William Heinemann 240 pp £14.99
Reviewed by Sean Gabb
(Published in The Literary Review some time in 1991)
This is undoubtedly an interesting book. Its occasion was a series of interviews conducted with the children of eight prominent National Socialists, plus two others. “I knew that several books had studied the children of concentration camp survivors” Posner explains, “but… I was not aware of any attempt to study the children of the perpetrators.” And so, he set about tracking some of them down and putting them through a long and minute examination. In preparing, he consulted, all the available sources ‑ the standard published works, the Nuremberg transcripts, the various American and German archives, and so forth. This enabled him to check or to amplify the answers given by his interviewees. But all reduces to the basic question: How does it feel to be the child of a mass‑murderer?
Now, Posner is well‑informed; and his amplifications amount together to a brief history of Hitler’s Germany. He is also an engaging writer, and I have no doubt that the reader will be entertained as well as informed. But, it must be admitted, the answers to his question have little value as history. The children are of no importance in themselves. They never chose their parents, and often never knew them. They had no part in the crimes. How they regard the facts of their ancestry adds nothing to our understanding of the Third Reich.
What the answers do illuminate is a problem that recurs, if with different circumstances, in every generation. I doubt if anyone has devised a code of practical morals that is both consistent and entirely acceptable to human nature. We are told “Honour thy father and thy mother” and “Thou shalt not kill”. In itself, each appears to be absolute. But how are they to be reconciled if they conflict? How far ought one to honour a father who has killed? Here is the book’s real interest.
Norman Frank, whose father, Hans, was the Butcher of Poland, stresses the latter of the above commandments. He is disgusted by his father. He has even remained childless ‑ “because after all I know, I don’t think the Franks should go on”. Edda Goering is more relaxed, stressing the former. “I actually expect that almost everybody has a good opinion of my father” she announces, “except maybe in America”.
But these are both people whose fathers died at Nuremberg. However resolved, they have had only to face their problem retrospectively. For the ultimate in moral uncertainty, look at Rolf Mengele. His father, Dr Josef, was the “Angel of Death” at Auschwitz. His crimes stagger belief. He ordered the deaths of 400,000 civilian prisoners. His “experiments” would have shocked the most hardened vivisectionist. He tested the endurance of some of his victims with electric shocks, until they died or fell into comas. On others, he performed repeated and unnecessary amputations ‑ always without anaesthetic. Once, he sealed a woman’s breasts to see how long her baby could live without nourishment. He was denied an answer here, for a nurse quietly gave the poor woman enough morphine to kill the baby.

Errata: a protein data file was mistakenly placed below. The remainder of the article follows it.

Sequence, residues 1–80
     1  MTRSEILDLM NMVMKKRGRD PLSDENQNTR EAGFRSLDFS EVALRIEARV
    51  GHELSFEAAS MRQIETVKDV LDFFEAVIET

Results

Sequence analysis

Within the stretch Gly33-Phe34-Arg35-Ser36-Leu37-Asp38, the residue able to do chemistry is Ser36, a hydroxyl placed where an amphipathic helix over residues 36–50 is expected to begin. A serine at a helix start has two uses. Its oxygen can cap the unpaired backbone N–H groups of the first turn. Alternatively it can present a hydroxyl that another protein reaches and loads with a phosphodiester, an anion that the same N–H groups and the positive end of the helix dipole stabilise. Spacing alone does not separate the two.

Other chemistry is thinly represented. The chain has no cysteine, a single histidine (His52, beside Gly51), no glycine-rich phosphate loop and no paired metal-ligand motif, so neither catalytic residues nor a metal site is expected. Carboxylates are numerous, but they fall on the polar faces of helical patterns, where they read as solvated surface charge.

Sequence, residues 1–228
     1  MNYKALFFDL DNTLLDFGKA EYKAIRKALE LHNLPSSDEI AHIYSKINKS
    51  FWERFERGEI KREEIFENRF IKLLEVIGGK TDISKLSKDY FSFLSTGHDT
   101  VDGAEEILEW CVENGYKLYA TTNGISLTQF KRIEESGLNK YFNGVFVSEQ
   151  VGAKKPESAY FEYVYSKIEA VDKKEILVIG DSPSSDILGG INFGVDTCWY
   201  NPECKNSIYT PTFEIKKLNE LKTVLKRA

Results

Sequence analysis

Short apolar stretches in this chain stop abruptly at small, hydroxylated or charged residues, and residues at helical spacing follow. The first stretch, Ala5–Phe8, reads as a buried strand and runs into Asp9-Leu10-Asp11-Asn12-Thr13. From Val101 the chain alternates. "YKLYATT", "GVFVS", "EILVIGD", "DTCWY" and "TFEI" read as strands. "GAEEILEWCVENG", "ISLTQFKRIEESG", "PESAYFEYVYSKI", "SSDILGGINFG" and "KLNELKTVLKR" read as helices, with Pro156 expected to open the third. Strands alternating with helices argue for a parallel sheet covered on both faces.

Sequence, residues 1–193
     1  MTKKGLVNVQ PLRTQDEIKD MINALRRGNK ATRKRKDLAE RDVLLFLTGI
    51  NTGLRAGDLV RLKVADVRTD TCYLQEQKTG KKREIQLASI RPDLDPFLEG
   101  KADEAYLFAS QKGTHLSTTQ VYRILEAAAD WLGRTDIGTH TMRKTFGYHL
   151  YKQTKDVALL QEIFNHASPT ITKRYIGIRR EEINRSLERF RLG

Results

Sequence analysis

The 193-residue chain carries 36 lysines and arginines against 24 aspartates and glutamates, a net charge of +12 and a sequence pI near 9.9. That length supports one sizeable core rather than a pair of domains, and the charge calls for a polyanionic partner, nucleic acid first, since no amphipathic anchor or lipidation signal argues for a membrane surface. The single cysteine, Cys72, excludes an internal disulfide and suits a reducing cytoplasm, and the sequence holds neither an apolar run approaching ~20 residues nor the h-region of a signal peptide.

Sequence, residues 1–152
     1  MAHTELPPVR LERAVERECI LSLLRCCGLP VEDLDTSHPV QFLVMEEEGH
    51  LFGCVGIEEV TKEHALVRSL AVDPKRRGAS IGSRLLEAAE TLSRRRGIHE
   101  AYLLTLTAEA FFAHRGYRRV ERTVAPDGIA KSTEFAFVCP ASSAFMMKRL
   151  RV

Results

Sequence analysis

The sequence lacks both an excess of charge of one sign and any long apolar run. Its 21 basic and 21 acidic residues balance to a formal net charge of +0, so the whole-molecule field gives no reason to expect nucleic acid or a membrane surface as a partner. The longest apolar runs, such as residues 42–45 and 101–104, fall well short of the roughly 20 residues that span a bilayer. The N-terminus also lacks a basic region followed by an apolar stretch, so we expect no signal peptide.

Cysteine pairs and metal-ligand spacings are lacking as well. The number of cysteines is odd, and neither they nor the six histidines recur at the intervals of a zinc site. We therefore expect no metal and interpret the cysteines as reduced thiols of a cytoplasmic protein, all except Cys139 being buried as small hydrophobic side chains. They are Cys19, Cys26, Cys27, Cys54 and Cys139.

Mengele survived the War unscathed. He evaded capture by the Allies and returned to the Baverian town where he had been born and brought up, living there more or less openly until 1949. No one denounced him. He had no trouble leaving the country for Argentina, nor in returning for a brief visit in 1956. He did once come under police suspicion. But a bribe ensured his release. Back in Argentina, he lived for a while under his own name, obtaining proper identification and even a passport from the West German embassy. He died in 1979, utterly unrepentant.
All this was known to his son. While the Israeli secret service was turning South America upside down, looking for any clue to the good Doktor’s whereabouts, the Mengeles carried on a long correspondence, debating the ethics of the Final Solution and various other matters. In 1977, they met in Sâo Paolo, spending two weeks together and continuing their debate. “I am ashamed of him” says Rolf, “but in the end he was my father ‑ I could not turn him in”.
It would be strange not to feel some distaste at this lifetime of dithering. But it would be inhuman not to feel a little sympathy as well. To whom was Rolf’s true duty ‑ to a man who, in spite of all else, was his father? Or to a crowd of strangers? Posner states a terrible problem. Perhaps wisely, he makes no attempt to solve it.
© 1991 – 2017, seangabb.
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